Showing posts with label flour. Show all posts
Showing posts with label flour. Show all posts

Monday, December 30, 2013


Tucked away in a discreet corner of Publika, few people realise this rather snazzy Cocobar & Kitchen Club Lounge adorned with billowy, satiny drapes and shiny patterned steel finish feature walls serve some of the tastiest West African fare in this part of the city.
Lolling comfortably on one of the sectional lounges, plush sofas and ottomans, we warmed up to the place with some of the house cocktails rustled up by the bartender (or mixologist as they are known nowadays).
Pink Pussy to add a blush to your face...a mixture of milk, grenadine, triple sec & vodka

Sexy Lesley to tickle your cocktail fancy
We were tickled pink by some of the concoctions' racy names such as Sexy Lesley and Pink Pussy but if you feel prudish asking for them, try more sedate-sounding Chocotini or Sea Breeze. Most of the cocktails  are priced from RM20 onwards. Cocobar also has an extensive range of shooters, wine, beer, liquor and champagne to boost your spirits up all night long.
Sea Breeze to ensure your evening at Cocobar remains smooth sailing
Should you feel peckish, keep hunger pangs at bay with light & easy finger food such as Hot & Spicy Mexican Chicken (RM15 - 6 pcs) - chicken wings coated in a piquantly tangy-fiery sauce. Think Tex-Mex buffalo wings with enticing hints of full-bodied sweetness. They are so scrumptious you'd pick the bones clean.
Fiery Mexican Chicken to set your tastebuds ablaze
The Coco's Spicy Gizzard (RM15) is another conversation stopper. It is amazing how a coarse, tongue-searing blend of chilli, garlic and African spices can transform such humble 'spare parts' into such sublime, mind-blowing morsels. A definite 'must try' if you're big on gizzard.
Guzzle on these delectable gizzards
Being the ignoramuses that we are, Cocobar owner Andy Daniel told us that chilli peppers, spices and herbs are prevalently used in West African cooking especially in Nigeria. Surprisingly, rice is a staple too besides maize (corn).
Rice and shine out of Western Africa
Proof of the pudding can be found in Cocobar's African Fried Rice Special (RM45) which is as different as chalk and cheese from our local version. You'd have to wait a good 45 minutes to an hour for it but trust me, the dish is well worth the wait. A platter of golden saffron yellow, every grain of the rice is suffused with deep-seated flavour. Apparently, its painstaking preparation requires the rice to be par-boiled and washed several times before the rest of the other ingredients are added. Studded with bits of sausage and mixed vegetable, the rice is complemented by fried plantain and a big chunk of fried fish on the side. Being the rice fiends that we are, we left no grain unfinished.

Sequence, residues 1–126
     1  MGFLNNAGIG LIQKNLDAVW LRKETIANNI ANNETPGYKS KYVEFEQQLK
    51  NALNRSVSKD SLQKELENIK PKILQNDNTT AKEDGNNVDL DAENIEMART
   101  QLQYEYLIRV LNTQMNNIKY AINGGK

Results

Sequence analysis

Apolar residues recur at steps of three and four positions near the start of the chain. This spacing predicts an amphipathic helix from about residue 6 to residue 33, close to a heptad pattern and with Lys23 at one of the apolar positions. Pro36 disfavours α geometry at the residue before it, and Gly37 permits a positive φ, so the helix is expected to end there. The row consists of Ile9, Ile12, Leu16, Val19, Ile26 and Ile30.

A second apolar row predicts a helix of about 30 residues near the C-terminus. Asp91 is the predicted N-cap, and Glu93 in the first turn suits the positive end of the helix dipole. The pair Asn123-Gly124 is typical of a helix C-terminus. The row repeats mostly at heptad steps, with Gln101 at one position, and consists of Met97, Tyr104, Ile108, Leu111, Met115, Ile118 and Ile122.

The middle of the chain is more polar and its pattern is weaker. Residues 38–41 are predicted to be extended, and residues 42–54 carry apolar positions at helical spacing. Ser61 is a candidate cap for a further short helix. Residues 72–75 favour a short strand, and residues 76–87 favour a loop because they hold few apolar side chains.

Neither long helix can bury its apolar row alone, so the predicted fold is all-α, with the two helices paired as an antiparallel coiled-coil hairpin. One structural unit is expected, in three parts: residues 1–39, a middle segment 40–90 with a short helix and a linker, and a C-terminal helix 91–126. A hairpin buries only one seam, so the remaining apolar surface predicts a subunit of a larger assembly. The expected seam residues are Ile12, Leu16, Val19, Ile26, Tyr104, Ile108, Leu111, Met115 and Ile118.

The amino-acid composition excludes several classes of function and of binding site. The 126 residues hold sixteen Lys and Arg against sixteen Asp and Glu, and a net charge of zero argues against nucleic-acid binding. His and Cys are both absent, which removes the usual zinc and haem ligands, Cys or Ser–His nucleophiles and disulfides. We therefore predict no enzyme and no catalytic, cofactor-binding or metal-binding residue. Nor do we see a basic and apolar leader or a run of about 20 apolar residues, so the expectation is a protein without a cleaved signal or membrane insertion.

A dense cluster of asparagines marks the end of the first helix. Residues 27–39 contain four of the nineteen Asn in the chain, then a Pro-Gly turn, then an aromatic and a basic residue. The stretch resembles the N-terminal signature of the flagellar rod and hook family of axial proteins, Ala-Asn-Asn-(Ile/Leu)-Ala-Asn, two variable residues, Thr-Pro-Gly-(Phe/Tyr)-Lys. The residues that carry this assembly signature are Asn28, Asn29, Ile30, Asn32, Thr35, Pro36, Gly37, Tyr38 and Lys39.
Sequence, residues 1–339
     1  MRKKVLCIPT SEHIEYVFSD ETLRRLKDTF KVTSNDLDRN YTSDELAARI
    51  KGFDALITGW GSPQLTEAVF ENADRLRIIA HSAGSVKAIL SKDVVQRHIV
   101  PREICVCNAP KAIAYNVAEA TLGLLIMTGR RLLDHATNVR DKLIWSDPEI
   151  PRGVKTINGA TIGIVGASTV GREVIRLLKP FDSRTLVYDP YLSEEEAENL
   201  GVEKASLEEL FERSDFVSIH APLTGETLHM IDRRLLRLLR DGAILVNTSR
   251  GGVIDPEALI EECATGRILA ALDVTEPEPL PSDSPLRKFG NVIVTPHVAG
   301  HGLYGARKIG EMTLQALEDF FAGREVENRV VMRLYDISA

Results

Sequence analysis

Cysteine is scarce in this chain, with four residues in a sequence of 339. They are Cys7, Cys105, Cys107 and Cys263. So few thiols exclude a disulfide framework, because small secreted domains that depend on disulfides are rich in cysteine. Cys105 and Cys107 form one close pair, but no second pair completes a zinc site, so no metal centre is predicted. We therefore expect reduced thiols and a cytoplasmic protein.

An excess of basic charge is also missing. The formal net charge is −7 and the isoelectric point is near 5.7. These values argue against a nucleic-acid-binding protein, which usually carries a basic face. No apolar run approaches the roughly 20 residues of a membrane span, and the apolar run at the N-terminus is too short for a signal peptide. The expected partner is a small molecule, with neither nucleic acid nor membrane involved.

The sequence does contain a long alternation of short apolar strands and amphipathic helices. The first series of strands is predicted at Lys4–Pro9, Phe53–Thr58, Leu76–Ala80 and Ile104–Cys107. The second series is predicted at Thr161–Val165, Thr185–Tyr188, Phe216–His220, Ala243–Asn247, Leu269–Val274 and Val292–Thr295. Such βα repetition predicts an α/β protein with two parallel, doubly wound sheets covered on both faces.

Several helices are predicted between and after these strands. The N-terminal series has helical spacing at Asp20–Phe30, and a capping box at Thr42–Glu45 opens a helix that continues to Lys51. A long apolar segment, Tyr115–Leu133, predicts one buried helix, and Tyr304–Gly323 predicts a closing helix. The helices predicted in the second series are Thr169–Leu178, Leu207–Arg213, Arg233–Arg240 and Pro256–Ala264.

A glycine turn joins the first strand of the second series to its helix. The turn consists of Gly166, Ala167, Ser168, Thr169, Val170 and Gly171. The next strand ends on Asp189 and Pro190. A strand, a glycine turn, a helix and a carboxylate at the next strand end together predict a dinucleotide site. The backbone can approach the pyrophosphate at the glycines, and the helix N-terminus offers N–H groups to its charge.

A real hooker of a fish to tantalise you
Like the proverbial saying not to judge a book by its cover, we learned not to judge a Grilled Whole Seabass with Plantain (RM85 with two glasses of red or white wine) by its plain appearance. Topped with some raw, fresh onion rings alongside green peli chilli sauce and mayonnaise, the fish reeled us in with its inherent sweetness. Marinated with chilli, onion and some stock before grilling, it made for very good eating when complemented by the creamy, sweat-inducing hot dips and nectar-sweet caramelised plantain.
Culture in a bowl...a collision of textures & flavours in the Egusi & Poundo combo
More adventurous eaters may like to sample Egusi with Poundo (RM35 & RM45), a typical West African soup. A far cry from the usual watery or creamy broths that we're familiar with, egusi is thick and grainy due to its base of ground melon seeds. Scented with spices and blended with smoked fish, boiled cow skin, spinach and chilli, it is eaten with poundo.
Traditionally made of pounded white yam (Dioscorea rotunda), the modern version simply calls for the mixing of processed yam powder with water to form rotund, dense loaves that looks like oversized Indian idli. On its own, poundo is completely tasteless with a heavy, starchy texture. You'd have to take bite-size portions of it and eat with the curd-like egusi, to let the egusi's melange of explosive accents to shine through.

Game for a real West African culinary adventure? Then Cocobar is a dark horse that's worth hedging your bets on.

COCO BAR &KITCHEN CLUB LOUNGE, Block D4-G4-9, Publika, Solaris Dutamas, Jalan Dutamas 1, Kuala Lumpur. Tel: 03-6211 0708

Friday, May 24, 2013


Colourful serapes, sombreros, paper marche balls and Mexican flags decked the rustic interior of Fresca Mexican Kitchen & Bar to mark the restaurant's 1st Anniversary celebrations on 11 May 2013.
Local media members were treated to typical Mexican fare at the pre-celebratory bash after Mexican Deputy Head of Mission, Mrs. Lourdes Sosa Marquez (Charge d’Affaires, a.i.) spoke about the wondrous attractions, vibrant Mexican heritage and culture that await visitors. 
Fun facts about Mexico:
  • It's 5 times the size of Malaysia with tropical to desert climate